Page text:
Everything I Need To Know I Learned In Wind Ensemble

Today was one of those "If you can read this, thank a teacher" kind of days. After blogging about the harmonic convergence of a high school band performance and my trip to Korea, I decided to track down Mr. Santoro (my high school band director); turns out he teaches at a school not far from my home, and we traded a few emails. His reaction to my recap of his "Band prepares you for life" mantra was "I didn't think anyone was listening."

Judging from the number of emails and comments I've received, I think quite a few band nerds were listening to Mr. Santoro and other Harry Dinkle-inspired band directors as well. Here's my list of what I remember from high school band:

  • Music keeps you sane. This one didn't dawn on me until we had our first child, who was the Colic Monster From Another Dimension. The only thing that settled her down was the University of Michigan Marching Band's CD of John Phillip Sousa downfields. I never knew that my 8-to-5 (8 steps to cover 5 yards) marching skills would come in handy for settling babies. I'm certainly still into a variety of music and while my sanity can be questioned, more than a few long road trips, late nights, or difficult design discussions were punctuated with something I first heard in high school.
  • Buy one [jazz] record for every three [rock] records. Your stylistic mileage may vary, and substitute "download" for "record" and it still makes sense and respects the RIAA. My father got me to listen to Sonny Stitt, I got my son to listen to Pat Metheny and Wes Montgomery, so there's something of an aural tradition waiting to be continued here. In its purest form, it's a case of Long Tail econonmics inspired recommendation: listen to something new with a reasonable relative frequency to the stuff on the heads of your playlists.
  • It's close enough for jazz. This meme has been part of my vocabulary for 30 years, even winding up in Managing NFS & NIS (p 395) as a nutshell summary of how to approach server tuning. The converse phrasing is "don't sweat the small stuff" but it also neatly conveys the law of diminishing returns. Don't over-engineer or over-design, just get it close enough so it sounds (and looks) good.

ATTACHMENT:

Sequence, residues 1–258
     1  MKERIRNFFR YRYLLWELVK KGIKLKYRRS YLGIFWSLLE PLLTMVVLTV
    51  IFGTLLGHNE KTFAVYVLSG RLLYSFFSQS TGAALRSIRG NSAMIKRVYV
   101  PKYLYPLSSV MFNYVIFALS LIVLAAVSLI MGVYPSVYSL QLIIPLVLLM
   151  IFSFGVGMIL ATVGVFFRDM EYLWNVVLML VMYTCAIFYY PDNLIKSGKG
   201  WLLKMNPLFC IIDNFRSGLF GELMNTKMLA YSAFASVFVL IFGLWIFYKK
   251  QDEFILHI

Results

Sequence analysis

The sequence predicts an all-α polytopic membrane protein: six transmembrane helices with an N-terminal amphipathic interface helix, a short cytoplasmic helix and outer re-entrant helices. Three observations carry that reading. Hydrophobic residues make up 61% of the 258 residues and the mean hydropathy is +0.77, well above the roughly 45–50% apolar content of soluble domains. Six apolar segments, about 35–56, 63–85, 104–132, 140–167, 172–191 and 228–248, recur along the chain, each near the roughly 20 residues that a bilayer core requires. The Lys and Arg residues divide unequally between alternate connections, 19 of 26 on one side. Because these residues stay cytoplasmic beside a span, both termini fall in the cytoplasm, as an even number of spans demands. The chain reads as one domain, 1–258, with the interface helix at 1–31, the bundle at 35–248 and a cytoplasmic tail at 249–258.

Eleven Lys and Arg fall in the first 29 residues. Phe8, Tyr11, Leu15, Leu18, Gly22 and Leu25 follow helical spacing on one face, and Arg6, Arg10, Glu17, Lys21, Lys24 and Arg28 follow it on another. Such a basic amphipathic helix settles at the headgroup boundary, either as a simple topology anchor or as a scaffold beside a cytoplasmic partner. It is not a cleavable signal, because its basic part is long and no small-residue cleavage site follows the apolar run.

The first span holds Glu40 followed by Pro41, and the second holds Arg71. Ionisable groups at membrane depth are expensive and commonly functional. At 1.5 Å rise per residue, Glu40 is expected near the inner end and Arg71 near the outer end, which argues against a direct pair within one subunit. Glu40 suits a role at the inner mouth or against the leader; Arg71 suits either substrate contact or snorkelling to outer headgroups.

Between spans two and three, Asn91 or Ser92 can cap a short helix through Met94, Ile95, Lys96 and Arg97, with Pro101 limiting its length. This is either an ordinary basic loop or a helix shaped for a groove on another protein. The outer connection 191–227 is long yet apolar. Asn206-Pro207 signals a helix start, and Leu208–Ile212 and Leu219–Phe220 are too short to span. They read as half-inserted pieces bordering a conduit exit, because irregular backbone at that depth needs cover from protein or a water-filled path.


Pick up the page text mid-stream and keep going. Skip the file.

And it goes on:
• Band prepares you for life. In my most personal case, this is indirectly true. Band helped me discover how much I liked jazz; jazz got me into WPRB-FM; WPRB (in its commercial radio days) was where I found out that I liked sales. A systems engineer born out of the saxophone ranks. One of my fellow jazz band members combined a love of bass violins, carpentry and session work into a remarkable bass luthier business; he reproduces classic (now copryright-free) bass designs with modern techniques.

  • Not to be too senitmental, there were plenty of amusing things and completely useless trivia that I remember from band as well. I can still walk through most of the downfields we performed in the three years that I marched. Any time I hear "Hey Jude," "Nobody To Depend On," "Smoke On The Water" or the 20th Century Fox movie theme, I get the urge to step off from a nearby end zone and bleat quarter notes from a soggy sax. Perhaps I'm testing the boundary conditions on "sane" there. I learned that the basic laws of supply and demand apply to band fund raisers, despite our attempts to deny them and sell to someone with a last name different from our own. If there was little demand for holiday fruitcakes, then holiday votive candles, holiday decorative bells, and more fruitcakes were highly unlikely to find new markets. Marching bands often seem adept at fund raisers that raise the bar on non-consumption. And finally, while adding completely unnecessary glissandos to holiday music is funny (especially with a "guest conductor", A/K/A substitute teacher who was told he was getting a shop class), it's also artistically and perhaps morally wrong. Eddie Van Halen on the trem arm is a school of rock Eruption (listen about 1:00 in to the clip on the right); when done during a school band rendition of Silent Night it's grounds for ejection. Or perhaps there's a mash-up waiting to be made, and wind ensemble prepared me more for digital life than I would have guessed.

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